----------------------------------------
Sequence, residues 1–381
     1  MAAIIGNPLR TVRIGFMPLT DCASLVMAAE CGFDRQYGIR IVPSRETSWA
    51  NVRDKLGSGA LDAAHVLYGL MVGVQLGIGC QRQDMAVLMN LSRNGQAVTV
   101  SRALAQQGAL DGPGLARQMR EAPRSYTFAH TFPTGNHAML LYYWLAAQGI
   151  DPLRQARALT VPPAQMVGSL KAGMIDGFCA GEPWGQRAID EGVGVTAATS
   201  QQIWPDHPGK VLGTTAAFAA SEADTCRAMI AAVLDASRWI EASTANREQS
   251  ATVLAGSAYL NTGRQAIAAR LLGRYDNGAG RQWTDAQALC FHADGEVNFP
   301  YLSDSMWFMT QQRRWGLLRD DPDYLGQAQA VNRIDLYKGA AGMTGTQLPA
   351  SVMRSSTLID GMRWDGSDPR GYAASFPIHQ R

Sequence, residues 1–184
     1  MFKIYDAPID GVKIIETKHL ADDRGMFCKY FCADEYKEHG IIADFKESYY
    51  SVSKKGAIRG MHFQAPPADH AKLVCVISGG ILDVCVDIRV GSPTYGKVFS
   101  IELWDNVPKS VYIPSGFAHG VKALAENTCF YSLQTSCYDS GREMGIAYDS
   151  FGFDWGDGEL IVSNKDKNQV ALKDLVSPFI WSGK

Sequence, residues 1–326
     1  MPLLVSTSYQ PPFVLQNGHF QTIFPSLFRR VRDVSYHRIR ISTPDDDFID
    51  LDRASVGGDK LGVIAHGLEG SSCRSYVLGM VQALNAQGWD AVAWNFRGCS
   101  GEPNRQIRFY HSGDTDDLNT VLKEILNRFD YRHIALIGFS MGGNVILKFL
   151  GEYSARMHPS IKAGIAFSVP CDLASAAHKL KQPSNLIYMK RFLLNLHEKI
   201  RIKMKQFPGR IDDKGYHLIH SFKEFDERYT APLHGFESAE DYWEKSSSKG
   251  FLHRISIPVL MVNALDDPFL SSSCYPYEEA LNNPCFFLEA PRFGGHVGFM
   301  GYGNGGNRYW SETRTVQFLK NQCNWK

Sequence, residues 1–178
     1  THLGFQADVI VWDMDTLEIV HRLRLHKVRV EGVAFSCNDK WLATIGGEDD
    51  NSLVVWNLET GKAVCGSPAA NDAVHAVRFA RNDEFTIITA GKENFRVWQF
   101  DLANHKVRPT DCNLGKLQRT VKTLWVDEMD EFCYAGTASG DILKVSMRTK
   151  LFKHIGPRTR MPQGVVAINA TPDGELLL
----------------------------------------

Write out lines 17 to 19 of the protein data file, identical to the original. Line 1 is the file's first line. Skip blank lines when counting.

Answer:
    51  LDRASVGGDK LGVIAHGLEG SSCRSYVLGM VQALNAQGWD AVAWNFRGCS
   101  GEPNRQIRFY HSGDTDDLNT VLKEILNRFD YRHIALIGFS MGGNVILKFL
   151  GEYSARMHPS IKAGIAFSVP CDLASAAHKL KQPSNLIYMK RFLLNLHEKI